Heard above all the voices that debated the Administration's "New Look" defense policy last week was one from outside the country. For in his questions about the nature and scope of U.S. retaliation, Canadian Foreign Minister Lester Pearson made clear that the "New Look" was a product not of multilateral co-operation among the North Atlantic Treaty nations, but of U.S. planning alone.
This is not the first time in the last few years that the United States has made a major policy shift without sufficient inter-allied co-ordination. In 1950, High Commissioner McCloy announced that Germany would be rearmed. The French, who had different views on this matter, found themselves faced with a virtual fait accompli, and proposed a unified force (the beginnings of E.D.C.) as a compromise instead of a German army. The Korean War also illustrated the possible consequences of uni-lateral action. The situation that developed when General MacArthur wanted to bomb Manchuria resulted from U.S. failure to consult with the other U.N. powers. Britain felt that MacArthur was in complete control and was steering toward a major war.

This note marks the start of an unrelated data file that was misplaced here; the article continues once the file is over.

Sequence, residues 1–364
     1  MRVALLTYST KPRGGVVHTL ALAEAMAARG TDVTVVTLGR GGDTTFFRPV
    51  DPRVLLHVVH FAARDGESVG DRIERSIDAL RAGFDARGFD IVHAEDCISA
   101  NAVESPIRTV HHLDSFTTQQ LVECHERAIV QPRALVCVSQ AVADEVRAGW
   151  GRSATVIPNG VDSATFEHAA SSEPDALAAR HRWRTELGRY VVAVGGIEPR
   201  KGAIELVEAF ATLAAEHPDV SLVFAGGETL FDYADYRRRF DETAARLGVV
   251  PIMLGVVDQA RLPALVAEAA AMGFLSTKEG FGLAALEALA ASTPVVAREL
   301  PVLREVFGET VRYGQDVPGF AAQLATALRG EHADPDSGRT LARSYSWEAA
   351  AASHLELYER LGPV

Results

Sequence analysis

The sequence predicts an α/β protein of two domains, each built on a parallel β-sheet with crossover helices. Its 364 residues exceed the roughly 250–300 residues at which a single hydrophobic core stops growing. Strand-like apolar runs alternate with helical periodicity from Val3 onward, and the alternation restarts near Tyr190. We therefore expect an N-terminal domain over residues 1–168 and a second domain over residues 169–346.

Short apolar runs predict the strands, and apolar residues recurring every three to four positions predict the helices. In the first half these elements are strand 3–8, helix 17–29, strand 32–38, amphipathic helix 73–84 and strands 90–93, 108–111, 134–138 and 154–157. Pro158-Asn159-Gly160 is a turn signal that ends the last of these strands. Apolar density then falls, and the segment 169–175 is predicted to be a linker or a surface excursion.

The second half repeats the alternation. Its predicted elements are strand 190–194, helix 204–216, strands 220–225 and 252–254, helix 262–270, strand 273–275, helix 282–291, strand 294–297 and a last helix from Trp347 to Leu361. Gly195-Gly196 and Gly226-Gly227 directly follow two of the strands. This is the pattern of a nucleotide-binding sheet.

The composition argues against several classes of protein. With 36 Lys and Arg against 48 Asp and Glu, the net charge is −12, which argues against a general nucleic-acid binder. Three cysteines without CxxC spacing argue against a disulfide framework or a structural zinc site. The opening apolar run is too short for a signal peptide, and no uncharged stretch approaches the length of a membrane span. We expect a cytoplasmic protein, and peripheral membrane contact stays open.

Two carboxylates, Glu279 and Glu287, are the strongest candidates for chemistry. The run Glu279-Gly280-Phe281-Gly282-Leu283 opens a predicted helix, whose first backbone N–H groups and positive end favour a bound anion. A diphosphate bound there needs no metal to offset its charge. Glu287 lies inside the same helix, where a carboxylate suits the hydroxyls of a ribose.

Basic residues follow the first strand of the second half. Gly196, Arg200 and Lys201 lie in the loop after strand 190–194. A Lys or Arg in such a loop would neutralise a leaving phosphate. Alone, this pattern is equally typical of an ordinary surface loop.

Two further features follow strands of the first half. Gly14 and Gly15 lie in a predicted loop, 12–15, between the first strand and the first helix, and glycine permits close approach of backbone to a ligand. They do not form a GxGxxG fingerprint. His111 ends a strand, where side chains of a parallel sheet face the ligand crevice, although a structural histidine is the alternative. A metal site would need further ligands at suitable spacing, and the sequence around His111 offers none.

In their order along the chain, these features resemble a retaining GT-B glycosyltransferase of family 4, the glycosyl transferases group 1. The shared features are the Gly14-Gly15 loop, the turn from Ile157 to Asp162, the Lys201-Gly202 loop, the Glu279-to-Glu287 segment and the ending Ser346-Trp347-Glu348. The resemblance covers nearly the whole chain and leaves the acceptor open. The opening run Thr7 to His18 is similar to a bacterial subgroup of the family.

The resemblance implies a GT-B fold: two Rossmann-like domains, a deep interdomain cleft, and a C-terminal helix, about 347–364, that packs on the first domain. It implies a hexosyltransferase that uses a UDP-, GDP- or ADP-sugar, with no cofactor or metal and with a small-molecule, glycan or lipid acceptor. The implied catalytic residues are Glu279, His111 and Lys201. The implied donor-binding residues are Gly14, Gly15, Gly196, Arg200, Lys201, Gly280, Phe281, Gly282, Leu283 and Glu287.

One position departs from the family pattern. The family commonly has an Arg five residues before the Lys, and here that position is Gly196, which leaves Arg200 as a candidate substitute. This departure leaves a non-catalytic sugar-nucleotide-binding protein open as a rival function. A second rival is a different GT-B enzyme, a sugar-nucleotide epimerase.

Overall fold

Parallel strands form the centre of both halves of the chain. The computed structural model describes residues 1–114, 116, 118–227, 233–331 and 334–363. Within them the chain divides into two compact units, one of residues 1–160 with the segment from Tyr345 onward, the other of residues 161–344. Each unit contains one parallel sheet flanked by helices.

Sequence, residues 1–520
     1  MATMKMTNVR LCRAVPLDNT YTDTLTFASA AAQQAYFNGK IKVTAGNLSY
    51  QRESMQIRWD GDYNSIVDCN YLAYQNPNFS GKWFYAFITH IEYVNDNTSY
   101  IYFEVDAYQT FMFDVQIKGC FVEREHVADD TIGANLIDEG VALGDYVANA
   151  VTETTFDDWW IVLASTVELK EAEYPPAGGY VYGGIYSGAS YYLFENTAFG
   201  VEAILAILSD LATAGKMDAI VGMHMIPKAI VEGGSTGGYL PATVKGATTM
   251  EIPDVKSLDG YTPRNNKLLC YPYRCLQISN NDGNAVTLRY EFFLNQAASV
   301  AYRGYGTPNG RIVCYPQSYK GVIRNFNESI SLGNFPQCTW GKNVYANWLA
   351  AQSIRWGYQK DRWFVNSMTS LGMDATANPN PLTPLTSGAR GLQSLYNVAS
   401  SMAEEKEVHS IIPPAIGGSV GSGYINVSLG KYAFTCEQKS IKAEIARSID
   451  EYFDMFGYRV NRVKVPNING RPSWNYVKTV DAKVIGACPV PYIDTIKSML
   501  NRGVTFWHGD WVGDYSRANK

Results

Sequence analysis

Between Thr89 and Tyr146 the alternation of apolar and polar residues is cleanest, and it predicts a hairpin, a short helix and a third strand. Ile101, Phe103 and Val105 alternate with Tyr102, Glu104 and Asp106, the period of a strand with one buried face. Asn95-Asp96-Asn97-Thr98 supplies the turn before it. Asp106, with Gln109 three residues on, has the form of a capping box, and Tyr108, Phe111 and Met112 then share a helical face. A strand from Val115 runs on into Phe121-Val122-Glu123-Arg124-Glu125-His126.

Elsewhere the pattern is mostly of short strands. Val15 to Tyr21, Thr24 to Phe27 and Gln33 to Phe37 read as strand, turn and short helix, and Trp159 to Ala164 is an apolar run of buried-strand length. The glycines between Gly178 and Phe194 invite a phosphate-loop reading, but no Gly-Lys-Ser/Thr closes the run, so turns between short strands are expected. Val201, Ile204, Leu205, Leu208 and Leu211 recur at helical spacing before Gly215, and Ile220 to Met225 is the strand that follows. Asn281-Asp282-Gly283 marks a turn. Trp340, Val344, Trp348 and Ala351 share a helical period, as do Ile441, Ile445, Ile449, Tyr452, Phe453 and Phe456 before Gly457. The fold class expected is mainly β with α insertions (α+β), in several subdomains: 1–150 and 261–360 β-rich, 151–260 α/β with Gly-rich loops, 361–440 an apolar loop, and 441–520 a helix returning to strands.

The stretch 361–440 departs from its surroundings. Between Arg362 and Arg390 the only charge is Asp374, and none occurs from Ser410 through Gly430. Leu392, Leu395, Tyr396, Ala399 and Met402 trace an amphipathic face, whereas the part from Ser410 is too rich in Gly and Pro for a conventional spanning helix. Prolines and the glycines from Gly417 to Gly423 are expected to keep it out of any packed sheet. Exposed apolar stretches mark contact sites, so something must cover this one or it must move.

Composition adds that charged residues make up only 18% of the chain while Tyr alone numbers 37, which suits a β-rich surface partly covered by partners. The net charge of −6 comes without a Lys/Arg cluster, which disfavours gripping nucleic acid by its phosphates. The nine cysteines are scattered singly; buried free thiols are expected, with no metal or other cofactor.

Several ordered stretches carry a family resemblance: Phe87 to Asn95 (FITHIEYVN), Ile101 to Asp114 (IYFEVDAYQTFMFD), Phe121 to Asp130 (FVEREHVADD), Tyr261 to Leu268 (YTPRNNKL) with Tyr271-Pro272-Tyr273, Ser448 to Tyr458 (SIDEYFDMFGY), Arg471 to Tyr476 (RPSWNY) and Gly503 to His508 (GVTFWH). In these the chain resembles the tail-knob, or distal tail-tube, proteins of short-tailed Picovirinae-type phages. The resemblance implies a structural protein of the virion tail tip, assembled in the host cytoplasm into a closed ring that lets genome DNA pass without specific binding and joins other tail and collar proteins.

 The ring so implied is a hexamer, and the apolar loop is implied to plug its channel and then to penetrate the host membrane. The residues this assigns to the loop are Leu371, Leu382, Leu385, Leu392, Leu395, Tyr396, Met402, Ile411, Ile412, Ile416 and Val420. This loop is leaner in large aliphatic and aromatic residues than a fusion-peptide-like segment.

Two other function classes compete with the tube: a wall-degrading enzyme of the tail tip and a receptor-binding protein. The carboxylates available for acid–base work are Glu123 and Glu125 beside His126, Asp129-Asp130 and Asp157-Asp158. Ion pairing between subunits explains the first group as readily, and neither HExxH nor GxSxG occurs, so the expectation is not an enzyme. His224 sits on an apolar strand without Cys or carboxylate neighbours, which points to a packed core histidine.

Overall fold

It makes little difference that Mr. Dulles spent most of last week assuring Americans and our allies that international co-operation was "implicit in our defense system" and that there would be "prior consultation" among the allies before any retaliation. This consultation should have taken place when the "New Look" was initially planned, not after it was already heralded as the cornerstone of U.S. strategy. Now, when no single European state can make serious claim to the position of a major power, the United States must count on the combined effectiveness of a united Europe to wield a balance of power over Russia. Any factor that serves to undermine European unity can therefore seriously weaken the strength of the Western block as a whole.
On top of the German and Korean incidents, the controversy over the "New Look," shows that if any system of collective security is to be effective, there must be complete multi-lateral co-operation. The United States now finds itself the initiator of most Western policy; yet Europe would probably suffer first in the event of war. For this reason, uni-lateral decisions by the U.S. can lead only to dis-unity.